Opera is probably the most successful browser on handheld platforms, and the same rendering technology is included in this desktop browser. This takes the form of the Fit to Window and Small Screen views. The former takes any Web page -- even those (such as www.zdnet.co.uk) with fixed-width layouts -- and resizes them to fit the whole page into the current window. This uses a number of techniques, including reflowing the page and resizing images if necessary. For sites that use a fully liquid layout, Fit to Window is less useful, since you get much the same effect from the site’s own design. The Small Screen view emulates the very narrow screen of a handheld device, rendering any pages as best it can in that space -- much narrower than a PC screen. This feature is probably of most use to Web designers who want to make sure their site is still usable on a small device without having to dial up from a smartphone. Opera 8 is the first browser to offer native support for Scalable Vector Graphics (SVG). Although this is only a subset of the standard intended for mobile use, it’s still better than no native support at all, which is the case with all other released browsers at the time of writing. Adobe does have a plug-in that provides better support for SVG, but only for certain documents.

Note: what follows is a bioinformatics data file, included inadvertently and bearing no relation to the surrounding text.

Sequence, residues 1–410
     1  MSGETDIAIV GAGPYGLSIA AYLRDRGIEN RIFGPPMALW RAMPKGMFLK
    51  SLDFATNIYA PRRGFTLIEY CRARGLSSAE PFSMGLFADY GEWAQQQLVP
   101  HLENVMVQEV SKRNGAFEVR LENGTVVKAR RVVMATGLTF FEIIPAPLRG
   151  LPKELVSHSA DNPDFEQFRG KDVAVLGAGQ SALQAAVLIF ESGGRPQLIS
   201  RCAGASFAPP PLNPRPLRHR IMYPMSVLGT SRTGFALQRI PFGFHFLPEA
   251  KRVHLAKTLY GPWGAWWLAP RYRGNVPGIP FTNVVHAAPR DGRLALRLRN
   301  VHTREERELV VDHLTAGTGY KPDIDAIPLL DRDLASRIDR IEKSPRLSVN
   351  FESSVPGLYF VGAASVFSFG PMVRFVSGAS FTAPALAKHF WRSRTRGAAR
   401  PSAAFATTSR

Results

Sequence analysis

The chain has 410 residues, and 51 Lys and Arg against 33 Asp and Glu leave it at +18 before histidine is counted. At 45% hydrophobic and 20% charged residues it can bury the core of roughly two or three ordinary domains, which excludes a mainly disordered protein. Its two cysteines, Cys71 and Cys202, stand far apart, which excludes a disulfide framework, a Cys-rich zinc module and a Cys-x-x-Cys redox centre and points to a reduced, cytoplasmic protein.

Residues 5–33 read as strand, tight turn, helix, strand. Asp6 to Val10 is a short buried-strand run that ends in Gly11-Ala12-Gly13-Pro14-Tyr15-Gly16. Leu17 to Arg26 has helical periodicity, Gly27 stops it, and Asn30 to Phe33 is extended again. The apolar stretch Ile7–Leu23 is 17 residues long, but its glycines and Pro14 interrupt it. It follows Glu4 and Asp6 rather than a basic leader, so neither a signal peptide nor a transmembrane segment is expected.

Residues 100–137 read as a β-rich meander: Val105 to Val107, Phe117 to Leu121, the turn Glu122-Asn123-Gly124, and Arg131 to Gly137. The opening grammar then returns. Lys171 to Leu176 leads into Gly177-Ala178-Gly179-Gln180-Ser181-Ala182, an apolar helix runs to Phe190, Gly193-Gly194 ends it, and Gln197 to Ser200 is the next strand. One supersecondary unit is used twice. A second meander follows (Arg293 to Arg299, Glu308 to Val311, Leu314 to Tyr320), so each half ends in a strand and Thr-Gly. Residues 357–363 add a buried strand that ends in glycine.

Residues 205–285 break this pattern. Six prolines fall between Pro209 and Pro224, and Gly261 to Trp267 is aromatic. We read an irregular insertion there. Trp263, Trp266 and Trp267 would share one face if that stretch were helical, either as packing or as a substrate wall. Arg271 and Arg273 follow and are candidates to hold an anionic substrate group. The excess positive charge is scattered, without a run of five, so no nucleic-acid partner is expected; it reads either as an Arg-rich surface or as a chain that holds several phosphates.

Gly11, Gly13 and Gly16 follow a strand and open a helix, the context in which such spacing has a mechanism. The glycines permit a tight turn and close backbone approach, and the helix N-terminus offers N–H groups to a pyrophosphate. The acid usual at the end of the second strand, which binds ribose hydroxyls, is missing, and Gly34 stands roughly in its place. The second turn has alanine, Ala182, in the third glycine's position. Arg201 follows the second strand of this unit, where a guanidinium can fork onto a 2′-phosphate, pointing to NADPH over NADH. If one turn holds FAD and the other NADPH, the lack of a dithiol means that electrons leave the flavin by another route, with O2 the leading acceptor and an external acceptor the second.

Voice browsing is included in Opera 8 (Windows version only), for both input and output. This means that you can control the browser through simple speech commands, assuming you have a microphone attached to your PC. Opera recommends that you use a headset to get the best signal-to-noise ratio, but we found that we could use a notebook’s built-in microphone with a fair measure of success in ZDNet's relatively quiet office. The speech recognition system doesn’t need -- and indeed does not support -- any training, but works by recognising a relatively limited set of commands. Most of these are intuitive, but all commands need to be preceded by the word 'Opera' for the browser to recognise them. For instance, without looking at the help we guessed commands such as 'home', 'back', 'next link' and 'bookmarks'. The speech output in Opera 8 is no better or worse than most modern speech synthesisers. However, getting Opera to read a Web page to you could be made easier: you need to highlight the relevant section of text with the mouse, rather than simply instructing the browser to read the page. The speech output also doesn’t take into account any semantic markup in the page -- <acronym> tags, for instance -- to alter the speech output or inflection.